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Solving Diophantine Equations

Date: 04/18/2008 at 14:26:34
From: Garrett
Subject: Solutions to 7x^2 + 1 = y^3 over integers (possibly reals).

I have recently delved into the world of Diophantine equations,
elliptic curves, and number fields. Looking at the equation

7x^2 + 1 = y^3

I have computationally found integer solutions (x>=0):

(x,y) = (0,1), (1,2), (3,4), and (39,22)

but hit round-off issues around x = 1.05*10^6. Still, being able to
search beyond 10^6 makes me question if these are the only integer
solutions.  Could you please answer the questions as to the number of
integer solutions to this equation and either provide an upper bound
for finite solutions (or find all solutions) or how to generate
infinite solutions?  Could you also address this question in x,y over
reals?

I have only begun reading about elliptic curves and the different
methods used to solve these types of equations.  I am hoping another
solution of this type of question will help me to better understand
how to go about solving these types of questions.  Thanks for the 
help!



Date: 04/18/2008 at 21:23:57
From: Doctor Vogler
Subject: Re: Solutions to 7x^2 + 1 = y^3 over integers (possibly reals).

Hi Garrett,

Thanks for writing to Dr. Math.  You are correct that you have an
elliptic curve.  Finding the real points is easy.  For every real
number x, you can set y = (7x^2 + 1)^(1/3).  Alternately, y has to be
at least 1, since 7x^2 >= 0, but whenever y >= 1, there are two
solutions for x, namely sqrt((y^3 - 1)/7) and -sqrt((y^3 - 1)/7).  You
can plot this curve on a graphing calculator or computer graphing
program to see what it looks like.

Finding all of the integer points is *much* harder.  There are often
easy methods to prove that there are no integer points on such an
equation, but these methods don't work when there are some.  Methods
for finding all integer points on an elliptic curve use much of the
structure of an elliptic curve.

If you want to use programs to help you with your curve, then you
should put it in standard (Weierstrass) form.  If you set

  v = 49x
  u = 7y

and you multiply your equation by 7^3 = 343, then you get

  v^2 = u^3 - 343

which is an elliptic curve in standard form.

Many elliptic curves (in fact, about half of them) have only finitely
many rational solutions.  And finding the rational solutions is
generally much easier than finding the integer solutions.  So if there
are only finitely many rational solutions, then you just check which
ones are integer solutions.  I describe how to find the rational
solutions in these answers:

  Solving System of Equations Using Elliptic Curves
    http://mathforum.org/library/drmath/view/70511.html 

  Using Elliptical Curves to Solve an Arithmetic Sequence
    http://mathforum.org/library/drmath/view/69827.html 

Unfortunately for you, there are infinitely many rational solutions,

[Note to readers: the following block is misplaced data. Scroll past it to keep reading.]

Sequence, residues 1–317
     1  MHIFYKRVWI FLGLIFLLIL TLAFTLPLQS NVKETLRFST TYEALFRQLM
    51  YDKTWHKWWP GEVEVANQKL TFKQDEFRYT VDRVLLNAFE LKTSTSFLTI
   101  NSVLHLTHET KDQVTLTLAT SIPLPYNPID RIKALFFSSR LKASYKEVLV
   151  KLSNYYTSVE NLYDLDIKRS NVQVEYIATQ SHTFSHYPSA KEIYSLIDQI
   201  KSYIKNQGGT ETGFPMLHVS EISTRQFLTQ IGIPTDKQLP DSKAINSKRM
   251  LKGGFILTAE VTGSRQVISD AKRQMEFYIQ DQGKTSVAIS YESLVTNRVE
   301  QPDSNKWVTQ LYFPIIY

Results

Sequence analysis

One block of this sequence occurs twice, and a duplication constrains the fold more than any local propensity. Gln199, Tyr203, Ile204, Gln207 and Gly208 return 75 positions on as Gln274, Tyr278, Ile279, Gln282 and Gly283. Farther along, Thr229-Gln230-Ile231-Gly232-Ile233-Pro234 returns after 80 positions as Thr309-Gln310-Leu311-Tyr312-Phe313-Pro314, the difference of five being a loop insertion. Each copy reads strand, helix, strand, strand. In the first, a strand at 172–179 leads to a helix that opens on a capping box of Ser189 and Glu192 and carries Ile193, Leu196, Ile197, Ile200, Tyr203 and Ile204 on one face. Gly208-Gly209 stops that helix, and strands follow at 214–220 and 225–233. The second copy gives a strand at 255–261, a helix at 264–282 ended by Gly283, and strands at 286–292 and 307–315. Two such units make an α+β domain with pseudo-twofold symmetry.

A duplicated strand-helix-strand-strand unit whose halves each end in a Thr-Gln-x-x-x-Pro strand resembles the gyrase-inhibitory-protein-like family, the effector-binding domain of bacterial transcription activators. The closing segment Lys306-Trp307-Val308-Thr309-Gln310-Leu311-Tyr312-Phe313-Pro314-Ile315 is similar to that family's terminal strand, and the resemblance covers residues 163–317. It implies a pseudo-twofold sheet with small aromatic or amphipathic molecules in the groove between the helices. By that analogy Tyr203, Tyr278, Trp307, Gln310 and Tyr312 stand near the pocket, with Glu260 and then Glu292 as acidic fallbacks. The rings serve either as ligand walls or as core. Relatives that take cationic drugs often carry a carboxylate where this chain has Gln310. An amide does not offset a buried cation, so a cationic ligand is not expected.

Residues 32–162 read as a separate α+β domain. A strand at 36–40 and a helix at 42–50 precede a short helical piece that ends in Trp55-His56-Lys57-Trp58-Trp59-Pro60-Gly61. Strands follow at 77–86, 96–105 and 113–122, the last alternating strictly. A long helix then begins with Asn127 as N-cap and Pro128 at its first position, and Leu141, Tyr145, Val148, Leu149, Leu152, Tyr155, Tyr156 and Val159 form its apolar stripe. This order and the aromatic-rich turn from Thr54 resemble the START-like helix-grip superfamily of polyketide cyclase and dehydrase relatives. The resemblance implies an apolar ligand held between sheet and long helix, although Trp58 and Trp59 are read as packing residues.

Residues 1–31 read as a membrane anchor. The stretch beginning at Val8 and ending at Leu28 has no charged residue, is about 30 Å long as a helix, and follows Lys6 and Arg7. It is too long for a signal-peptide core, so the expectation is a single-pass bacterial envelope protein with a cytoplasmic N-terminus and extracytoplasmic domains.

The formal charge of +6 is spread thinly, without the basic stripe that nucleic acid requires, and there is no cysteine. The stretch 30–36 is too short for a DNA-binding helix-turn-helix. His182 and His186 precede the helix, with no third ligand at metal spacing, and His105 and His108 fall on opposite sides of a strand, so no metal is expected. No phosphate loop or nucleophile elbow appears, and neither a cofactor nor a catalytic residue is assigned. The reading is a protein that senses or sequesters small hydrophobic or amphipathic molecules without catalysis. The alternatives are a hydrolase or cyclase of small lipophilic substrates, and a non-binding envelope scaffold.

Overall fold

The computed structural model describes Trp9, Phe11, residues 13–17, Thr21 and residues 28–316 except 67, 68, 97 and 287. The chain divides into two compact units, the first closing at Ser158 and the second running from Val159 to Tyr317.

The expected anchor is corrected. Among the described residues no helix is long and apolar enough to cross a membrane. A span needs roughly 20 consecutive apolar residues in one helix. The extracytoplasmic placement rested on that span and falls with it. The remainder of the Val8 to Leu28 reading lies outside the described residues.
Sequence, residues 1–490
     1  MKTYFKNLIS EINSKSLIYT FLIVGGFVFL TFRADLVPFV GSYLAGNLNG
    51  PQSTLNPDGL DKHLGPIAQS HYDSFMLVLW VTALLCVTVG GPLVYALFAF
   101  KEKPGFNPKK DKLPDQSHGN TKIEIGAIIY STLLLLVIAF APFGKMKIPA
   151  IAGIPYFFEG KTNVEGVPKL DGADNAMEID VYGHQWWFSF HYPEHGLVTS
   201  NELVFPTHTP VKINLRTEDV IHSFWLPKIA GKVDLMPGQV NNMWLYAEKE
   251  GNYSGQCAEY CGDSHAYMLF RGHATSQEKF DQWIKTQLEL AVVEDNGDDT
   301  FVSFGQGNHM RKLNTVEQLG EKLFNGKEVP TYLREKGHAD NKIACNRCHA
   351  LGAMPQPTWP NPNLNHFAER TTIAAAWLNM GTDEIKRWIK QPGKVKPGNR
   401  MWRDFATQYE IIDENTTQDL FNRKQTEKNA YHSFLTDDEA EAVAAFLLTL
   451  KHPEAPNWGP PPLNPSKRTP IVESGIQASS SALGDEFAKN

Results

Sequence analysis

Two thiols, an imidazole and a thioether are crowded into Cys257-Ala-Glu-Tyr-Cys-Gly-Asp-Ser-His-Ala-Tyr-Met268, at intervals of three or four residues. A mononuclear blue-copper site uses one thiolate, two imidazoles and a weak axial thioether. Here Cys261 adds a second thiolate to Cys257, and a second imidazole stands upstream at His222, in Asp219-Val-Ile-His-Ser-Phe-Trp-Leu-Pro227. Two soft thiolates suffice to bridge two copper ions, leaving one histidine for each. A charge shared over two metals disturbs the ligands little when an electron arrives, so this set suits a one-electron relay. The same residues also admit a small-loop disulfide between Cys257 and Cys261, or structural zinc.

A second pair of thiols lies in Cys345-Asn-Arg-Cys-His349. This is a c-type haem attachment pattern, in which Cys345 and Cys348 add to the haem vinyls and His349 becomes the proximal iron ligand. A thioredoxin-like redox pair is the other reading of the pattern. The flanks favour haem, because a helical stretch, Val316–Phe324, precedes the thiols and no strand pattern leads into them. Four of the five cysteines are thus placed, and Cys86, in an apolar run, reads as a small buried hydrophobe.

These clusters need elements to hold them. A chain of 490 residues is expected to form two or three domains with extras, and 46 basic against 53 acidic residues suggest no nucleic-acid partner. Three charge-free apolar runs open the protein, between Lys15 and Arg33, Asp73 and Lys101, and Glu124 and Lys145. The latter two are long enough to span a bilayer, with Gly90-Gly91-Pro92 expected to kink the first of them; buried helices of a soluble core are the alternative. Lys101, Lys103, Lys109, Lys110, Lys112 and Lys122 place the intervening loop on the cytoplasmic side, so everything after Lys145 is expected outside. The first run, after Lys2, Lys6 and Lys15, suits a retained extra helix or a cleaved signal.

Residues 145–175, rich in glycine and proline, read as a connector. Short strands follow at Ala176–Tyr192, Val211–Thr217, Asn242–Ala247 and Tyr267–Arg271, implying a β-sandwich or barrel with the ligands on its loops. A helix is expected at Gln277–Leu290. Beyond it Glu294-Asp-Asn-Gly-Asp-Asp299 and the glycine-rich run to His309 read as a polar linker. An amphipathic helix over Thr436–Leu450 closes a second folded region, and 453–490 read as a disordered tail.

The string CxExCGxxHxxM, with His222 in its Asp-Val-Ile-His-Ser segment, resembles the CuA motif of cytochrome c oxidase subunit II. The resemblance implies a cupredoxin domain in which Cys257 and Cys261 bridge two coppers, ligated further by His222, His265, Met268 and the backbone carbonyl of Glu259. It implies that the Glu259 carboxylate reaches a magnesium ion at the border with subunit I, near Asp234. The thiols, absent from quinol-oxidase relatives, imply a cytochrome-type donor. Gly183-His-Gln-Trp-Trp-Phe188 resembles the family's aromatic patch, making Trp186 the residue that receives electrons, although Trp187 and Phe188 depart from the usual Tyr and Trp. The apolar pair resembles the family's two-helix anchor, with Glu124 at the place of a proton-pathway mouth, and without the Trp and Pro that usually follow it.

since your curve has rank 1, and torsion of order 2.  That is, all
integer multiples of the point (u, v) = (14, 49), along with all such
points plus the torsion point (7, 0) are rational points on your
curve (and this gives you all rational points).  These multiples include

   .
   .
   .
  -5(14, 49)          = (3397814/477481, -1374504341/329939371)
  -5(14, 49) + (7, 0) = (10082548/7921, 32015140437/704969)
  -4(14, 49)          = (6512/169, -523921/2197)
  -4(14, 49) + (7, 0) = (62146/5329, 13715247/389017)
  -3(14, 49)          = (763/9, 21070/27)
  -3(14, 49) + (7, 0) = (889/100, -18963/1000)
  -2(14, 49)          = (8, 13)
  -2(14, 49) + (7, 0) = (154, -1911)
  -1(14, 49)          = (14, -49)
  -1(14, 49) + (7, 0) = (28, 147)
   0(14, 49)          = 0
   0(14, 49) + (7, 0) = (7, 0)
   1(14, 49)          = (14, 49)
   1(14, 49) + (7, 0) = (28, -147)
   2(14, 49)          = (8, -13)
   2(14, 49) + (7, 0) = (154, 1911)
   3(14, 49)          = (763/9, -21070/27)
   3(14, 49) + (7, 0) = (889/100, 18963/1000)
   4(14, 49)          = (6512/169, 523921/2197)
   4(14, 49) + (7, 0) = (62146/5329, -13715247/389017)
   5(14, 49)          = (3397814/477481, 1374504341/329939371)
   5(14, 49) + (7, 0) = (10082548/7921, -32015140437/704969)
   .
   .
   .

and so on.  (I computed the rank in mwrank, and the above points in
Pari, as described in the above answers I linked.)  The (x, y) values
you can get by dividing v by 49 and u by 7.

But every elliptic curve has only finitely many integer solutions
(this is known as Siegel's Theorem), so when there are infinitely many
rational points, it can be hard to be sure that you have found all of
the integer ones.

There are three general methods for doing this, all of them described
in detail in the book "The Algorithmic Resolution of Diophantine
Equations" by Nigel P. Smart.  But all three methods are quite
complicated and take a significant amount of computation, enough to
make anyone do it on a computer.  But you can find all integer
solutions and *prove* that you have them all.

Of course, if you don't need a complete proof, then you use the fact
that the number of digits in the numerators *and* denominators of the
x and y coordinates of the point n(4, 4) is roughly a multiple of n^2
(and this becomes less rough as n gets large), which means that you're
not likely to get a denominator of 1 (i.e. an integer solution) when n
is remotely large.  So you check the first small integers like the
ones I already did, and when you see the denominator get big and keep
growing, you can be pretty confident that you aren't going to find any
more integers.

If you have any questions about this or need more help, please write
back and show me what you have been able to do, and I will try to
offer further suggestions.

- Doctor Vogler, The Math Forum
  http://mathforum.org/dr.math/ 
Associated Topics:
College Number Theory

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